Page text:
NCPA - National Center for Policy Analysis

D.C. Schools Fail

November 18, 1996

A study undertaken for Washington, D.C.'s financial control board deplores the state of public schools there -- singling out weak management, unsafe classrooms, decrepit schools and poor student results. The study is entitled, "Children in Crisis: A Report on the Failure of D.C.'s Schools."

  • Some 26 percent of high school teachers there said they had been assaulted, injured or threatened by a student last year -- compared to 14 percent nationwide.
  • Test scores are more than one-fifth below the national mean.
  • Yet the city spent $7,655 per student in the 1994-95 school year -- 26 percent more than the U.S. average.
  • The D.C. superintendent's office alone outspent its counterparts in neighboring Fairfax and Montgomery counties and nearby Baltimore combined.

Although more than half of D.C. students drop out after the tenth grade, that may not be a bad decision since the report warns that the longer a child stays in D.C. schools, the less likely he or she is to succeed.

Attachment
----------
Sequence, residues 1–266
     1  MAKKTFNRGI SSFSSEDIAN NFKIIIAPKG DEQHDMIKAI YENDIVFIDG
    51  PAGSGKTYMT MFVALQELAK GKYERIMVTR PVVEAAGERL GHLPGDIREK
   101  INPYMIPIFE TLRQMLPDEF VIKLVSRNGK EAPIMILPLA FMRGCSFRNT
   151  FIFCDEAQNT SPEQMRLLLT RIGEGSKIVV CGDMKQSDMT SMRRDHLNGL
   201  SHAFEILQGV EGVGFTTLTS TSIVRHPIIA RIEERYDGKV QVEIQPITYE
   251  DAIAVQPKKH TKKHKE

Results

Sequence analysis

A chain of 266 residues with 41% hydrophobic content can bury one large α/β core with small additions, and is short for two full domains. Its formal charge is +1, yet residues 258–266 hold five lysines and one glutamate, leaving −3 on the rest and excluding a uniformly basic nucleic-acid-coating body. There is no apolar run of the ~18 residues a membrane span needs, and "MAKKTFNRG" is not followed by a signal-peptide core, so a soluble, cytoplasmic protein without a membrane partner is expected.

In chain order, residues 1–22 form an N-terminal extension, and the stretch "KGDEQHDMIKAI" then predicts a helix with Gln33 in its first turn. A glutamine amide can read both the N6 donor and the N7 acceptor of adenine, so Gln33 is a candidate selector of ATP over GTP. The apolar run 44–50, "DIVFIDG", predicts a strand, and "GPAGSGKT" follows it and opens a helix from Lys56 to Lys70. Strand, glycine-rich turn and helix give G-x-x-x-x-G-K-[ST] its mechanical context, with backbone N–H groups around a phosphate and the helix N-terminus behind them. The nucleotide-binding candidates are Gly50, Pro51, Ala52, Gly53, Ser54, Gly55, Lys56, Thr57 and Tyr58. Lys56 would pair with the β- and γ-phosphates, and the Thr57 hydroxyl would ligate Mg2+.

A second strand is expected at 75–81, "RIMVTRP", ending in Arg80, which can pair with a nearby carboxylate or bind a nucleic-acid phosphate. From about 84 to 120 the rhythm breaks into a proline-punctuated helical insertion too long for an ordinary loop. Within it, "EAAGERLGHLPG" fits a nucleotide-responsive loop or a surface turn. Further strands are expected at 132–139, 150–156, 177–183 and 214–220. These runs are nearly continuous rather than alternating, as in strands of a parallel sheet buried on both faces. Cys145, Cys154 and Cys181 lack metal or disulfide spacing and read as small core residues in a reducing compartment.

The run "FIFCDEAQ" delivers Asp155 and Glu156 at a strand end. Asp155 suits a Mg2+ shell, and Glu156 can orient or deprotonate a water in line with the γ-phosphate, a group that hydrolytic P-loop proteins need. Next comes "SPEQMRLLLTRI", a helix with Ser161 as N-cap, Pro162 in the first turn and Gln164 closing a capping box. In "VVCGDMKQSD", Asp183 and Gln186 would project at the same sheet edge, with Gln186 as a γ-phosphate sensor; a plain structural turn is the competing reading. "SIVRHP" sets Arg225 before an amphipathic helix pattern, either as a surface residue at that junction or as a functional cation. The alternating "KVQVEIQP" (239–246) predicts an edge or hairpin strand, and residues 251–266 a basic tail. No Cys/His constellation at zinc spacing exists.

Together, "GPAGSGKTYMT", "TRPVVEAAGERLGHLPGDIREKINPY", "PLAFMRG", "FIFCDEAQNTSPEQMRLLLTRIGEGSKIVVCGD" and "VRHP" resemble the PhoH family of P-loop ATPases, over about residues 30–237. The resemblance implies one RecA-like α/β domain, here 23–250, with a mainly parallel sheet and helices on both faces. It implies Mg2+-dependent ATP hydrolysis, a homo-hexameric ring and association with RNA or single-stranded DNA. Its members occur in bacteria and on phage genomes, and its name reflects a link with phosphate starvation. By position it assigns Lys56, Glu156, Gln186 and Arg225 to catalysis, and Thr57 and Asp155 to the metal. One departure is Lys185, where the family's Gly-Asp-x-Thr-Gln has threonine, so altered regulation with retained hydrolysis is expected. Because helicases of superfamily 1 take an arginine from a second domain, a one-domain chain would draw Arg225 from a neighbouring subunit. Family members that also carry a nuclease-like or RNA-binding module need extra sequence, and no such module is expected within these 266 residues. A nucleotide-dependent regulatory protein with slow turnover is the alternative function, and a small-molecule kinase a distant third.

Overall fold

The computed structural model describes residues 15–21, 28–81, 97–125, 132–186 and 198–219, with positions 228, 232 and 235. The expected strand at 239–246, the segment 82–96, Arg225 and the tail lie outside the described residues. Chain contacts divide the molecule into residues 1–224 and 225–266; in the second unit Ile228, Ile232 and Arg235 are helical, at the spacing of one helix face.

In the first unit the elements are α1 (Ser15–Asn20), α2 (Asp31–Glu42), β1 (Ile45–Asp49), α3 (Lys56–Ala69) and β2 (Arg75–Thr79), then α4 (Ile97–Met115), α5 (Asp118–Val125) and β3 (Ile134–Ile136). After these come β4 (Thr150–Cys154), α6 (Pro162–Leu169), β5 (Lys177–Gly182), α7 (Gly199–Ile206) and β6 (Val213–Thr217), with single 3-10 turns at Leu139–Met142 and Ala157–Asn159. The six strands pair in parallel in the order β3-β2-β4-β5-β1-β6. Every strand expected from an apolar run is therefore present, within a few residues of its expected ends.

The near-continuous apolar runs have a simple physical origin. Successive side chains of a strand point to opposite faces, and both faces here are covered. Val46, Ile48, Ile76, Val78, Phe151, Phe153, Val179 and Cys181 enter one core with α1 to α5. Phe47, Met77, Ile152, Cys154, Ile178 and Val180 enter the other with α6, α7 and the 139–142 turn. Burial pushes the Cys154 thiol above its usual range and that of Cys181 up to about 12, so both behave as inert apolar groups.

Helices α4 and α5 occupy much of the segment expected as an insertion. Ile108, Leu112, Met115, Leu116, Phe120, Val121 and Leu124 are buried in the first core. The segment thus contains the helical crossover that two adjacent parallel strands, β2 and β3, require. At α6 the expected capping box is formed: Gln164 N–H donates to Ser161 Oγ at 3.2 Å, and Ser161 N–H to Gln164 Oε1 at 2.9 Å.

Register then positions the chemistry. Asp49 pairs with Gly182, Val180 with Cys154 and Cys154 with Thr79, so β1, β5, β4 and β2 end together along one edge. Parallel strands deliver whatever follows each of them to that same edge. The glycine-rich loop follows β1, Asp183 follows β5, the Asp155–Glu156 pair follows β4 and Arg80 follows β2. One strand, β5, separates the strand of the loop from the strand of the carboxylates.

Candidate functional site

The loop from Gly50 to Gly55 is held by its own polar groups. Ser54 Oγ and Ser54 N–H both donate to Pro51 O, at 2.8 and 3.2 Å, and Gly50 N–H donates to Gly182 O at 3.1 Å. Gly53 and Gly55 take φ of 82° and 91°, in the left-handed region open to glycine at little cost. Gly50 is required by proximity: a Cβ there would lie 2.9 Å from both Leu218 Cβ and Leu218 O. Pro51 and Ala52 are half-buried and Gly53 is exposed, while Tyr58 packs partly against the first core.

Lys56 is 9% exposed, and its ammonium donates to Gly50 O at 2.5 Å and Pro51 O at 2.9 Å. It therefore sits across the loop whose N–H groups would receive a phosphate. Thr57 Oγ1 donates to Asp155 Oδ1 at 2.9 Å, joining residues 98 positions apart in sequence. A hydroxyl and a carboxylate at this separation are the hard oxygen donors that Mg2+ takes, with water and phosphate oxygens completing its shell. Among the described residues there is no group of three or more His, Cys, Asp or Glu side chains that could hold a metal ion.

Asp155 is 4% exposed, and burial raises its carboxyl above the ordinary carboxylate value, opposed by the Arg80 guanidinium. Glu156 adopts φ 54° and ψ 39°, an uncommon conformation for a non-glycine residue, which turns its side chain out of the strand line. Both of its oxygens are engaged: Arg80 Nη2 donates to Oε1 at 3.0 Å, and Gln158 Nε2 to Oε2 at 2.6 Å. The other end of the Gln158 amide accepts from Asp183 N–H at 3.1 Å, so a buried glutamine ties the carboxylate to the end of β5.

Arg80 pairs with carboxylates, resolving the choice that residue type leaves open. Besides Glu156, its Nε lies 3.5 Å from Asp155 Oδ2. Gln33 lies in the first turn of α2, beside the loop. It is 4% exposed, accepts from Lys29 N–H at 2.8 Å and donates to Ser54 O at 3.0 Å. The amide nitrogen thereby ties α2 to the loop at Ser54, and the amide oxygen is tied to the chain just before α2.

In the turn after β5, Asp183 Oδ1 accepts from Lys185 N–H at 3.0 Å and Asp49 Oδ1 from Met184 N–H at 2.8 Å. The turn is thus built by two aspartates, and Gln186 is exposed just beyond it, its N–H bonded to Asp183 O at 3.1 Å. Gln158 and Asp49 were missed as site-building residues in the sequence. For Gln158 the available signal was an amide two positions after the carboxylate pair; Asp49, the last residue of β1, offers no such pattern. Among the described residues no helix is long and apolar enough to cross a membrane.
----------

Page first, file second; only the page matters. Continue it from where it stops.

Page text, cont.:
Republicans in Congress earlier this year tried to set up a program of scholarships for low-income children that would have enabled them to attend private and parochial schools. The plan was blocked by Sen. Edward Kennedy (D-MA), thereby denying Washington, D.C. parents the opportunity enjoyed by President Clinton, who sends his daughter to a private school.

Source: Editorial, "Who Truly Values Kids Most?" Investor's Business Daily, November 18, 1996.


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